It's a small world after all, as Bay Area motorists were reminded after the settlement of a 16-day strike by Norwegian oil workers caused global prices to drop sharply Tuesday, promising further relief at the pump.
In Norway, where oil rig roughnecks have names like Øyvind and Audbjørn, the mood was mournful. "It's very sad," said trade union leader Leif Sande. But across Northern California -- where the cost of a gallon of regular has plunged 41 cents in just the past month -- drivers were øverjøyed.
That's because every metropolitan area in the northern part of the state has experienced double-digit price drops. And across California the dip averaged 40 cents -- keeping each gallon of
But considering that prices usually go up as demand increases in the peak summertime travel months, an average of $3.69 for a gallon of regular in San Jose and $3.77 in Oakland was cause for jubilation.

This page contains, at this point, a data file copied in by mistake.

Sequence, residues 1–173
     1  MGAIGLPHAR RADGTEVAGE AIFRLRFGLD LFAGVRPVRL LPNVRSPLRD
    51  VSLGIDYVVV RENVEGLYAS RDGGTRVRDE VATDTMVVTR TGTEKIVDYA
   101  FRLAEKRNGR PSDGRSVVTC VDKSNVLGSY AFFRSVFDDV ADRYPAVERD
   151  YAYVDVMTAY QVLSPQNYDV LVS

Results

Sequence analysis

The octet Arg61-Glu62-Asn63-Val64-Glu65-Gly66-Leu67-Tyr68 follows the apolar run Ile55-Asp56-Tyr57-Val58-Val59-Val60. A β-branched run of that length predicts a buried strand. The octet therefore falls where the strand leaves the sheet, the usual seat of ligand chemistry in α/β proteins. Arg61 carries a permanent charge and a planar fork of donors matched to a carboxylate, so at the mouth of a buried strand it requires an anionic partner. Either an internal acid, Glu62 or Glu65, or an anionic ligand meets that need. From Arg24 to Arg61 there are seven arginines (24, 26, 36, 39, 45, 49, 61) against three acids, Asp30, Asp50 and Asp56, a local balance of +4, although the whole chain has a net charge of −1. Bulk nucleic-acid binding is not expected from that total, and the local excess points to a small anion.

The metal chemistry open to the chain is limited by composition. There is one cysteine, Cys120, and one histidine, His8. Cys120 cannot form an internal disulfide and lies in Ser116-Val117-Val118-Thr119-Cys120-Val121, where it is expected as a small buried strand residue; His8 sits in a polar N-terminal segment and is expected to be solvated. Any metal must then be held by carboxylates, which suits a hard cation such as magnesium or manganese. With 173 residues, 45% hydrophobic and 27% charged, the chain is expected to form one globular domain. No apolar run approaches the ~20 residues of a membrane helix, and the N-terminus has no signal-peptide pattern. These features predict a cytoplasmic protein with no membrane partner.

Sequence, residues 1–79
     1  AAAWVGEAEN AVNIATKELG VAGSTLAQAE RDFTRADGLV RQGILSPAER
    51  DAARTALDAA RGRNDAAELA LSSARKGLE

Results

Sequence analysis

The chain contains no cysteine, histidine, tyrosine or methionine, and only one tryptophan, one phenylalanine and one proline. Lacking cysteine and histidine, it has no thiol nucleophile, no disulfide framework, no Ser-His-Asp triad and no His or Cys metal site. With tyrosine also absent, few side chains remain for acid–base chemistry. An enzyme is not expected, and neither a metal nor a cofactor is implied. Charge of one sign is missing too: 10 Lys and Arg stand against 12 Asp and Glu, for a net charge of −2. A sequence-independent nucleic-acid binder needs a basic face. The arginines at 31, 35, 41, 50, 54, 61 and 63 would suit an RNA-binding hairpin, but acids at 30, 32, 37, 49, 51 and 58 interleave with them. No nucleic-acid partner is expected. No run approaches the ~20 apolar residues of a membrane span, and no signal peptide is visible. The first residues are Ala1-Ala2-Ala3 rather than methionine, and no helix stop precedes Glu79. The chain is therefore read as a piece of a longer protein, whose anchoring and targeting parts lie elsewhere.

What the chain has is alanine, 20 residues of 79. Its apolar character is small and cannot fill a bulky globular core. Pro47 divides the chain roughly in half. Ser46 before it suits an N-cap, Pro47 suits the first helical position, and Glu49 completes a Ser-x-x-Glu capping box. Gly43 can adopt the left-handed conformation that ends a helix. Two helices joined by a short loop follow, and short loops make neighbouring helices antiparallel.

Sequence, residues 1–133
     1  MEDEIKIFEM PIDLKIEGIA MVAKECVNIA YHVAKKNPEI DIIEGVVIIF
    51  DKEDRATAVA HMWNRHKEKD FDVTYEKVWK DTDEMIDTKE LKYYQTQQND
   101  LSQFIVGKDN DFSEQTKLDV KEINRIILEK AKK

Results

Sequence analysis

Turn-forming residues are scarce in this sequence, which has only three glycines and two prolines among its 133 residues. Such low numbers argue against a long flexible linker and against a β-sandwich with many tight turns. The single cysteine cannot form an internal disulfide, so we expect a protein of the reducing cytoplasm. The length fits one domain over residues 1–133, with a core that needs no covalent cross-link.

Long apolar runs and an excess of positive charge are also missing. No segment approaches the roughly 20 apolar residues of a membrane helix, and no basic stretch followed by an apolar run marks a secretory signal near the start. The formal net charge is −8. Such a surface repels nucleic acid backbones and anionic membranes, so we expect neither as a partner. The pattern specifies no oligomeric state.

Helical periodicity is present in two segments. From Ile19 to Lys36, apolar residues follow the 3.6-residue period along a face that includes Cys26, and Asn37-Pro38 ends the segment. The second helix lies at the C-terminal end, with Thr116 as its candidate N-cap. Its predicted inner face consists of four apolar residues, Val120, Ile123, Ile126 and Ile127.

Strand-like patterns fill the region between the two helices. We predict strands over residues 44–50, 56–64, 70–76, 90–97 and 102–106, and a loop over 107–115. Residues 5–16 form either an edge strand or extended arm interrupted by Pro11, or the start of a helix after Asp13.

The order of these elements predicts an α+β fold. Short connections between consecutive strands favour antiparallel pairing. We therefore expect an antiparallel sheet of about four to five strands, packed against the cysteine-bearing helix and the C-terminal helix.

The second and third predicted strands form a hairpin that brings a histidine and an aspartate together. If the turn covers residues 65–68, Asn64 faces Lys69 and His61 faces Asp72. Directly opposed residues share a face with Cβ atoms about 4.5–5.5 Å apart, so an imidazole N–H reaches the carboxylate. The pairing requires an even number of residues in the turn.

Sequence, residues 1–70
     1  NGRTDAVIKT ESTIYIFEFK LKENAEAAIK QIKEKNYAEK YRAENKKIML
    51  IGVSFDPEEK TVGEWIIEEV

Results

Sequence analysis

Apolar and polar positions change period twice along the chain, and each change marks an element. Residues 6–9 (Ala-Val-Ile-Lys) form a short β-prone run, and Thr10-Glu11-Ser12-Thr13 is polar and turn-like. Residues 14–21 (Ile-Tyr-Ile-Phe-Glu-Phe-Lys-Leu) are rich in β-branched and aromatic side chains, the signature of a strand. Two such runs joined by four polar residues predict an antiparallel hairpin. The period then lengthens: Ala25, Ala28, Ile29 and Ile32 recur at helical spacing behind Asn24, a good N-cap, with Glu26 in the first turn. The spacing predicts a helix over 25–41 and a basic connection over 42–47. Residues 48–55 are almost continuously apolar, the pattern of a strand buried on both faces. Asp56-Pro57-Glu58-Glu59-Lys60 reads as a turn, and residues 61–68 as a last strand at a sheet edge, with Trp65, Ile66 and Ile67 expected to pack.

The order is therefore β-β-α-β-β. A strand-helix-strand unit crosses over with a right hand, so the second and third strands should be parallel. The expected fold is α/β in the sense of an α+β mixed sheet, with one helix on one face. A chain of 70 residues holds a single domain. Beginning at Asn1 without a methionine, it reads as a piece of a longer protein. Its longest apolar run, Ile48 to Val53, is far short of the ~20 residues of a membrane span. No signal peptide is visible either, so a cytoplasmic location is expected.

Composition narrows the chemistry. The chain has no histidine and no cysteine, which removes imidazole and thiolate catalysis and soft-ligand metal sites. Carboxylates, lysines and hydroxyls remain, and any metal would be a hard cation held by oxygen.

"It's always tough to say where gas prices are going," said Matt Skryja, spokesman for AAA Northern California, Nevada and Utah Insurance Exchange, "but certainly the overall trend in most metro areas in Northern California is downward." For now. One unexpected kink in the Norwegian pipeline and prices will ratchet up again. Øy veh!
Demand for oil has weakened because of the slowdown in the global economy, especially in China, but if the supply from Norway -- the world's fifth largest oil producer -- had dried up for much longer, the price would likely have shot up quickly. "I had to make this decision," Labor Minister Hanne Bjurstrom told Reuters, "to protect Norway's vital interests."
And California's, where prices remained stubbornly high -- $3.98 -- in Eureka, which had the highest costs per gallon in the lower 48 states. It cost $4.41 a gallon to gas up in Wailuku, Hawaii -- the highest in the nation -- but the mood, like everything else in Wailuku, remained considerably brighter than in Norway.
Contact Bruce Newman at 408-920-5004. Follow him at Twitter.com/brucenewmantwit.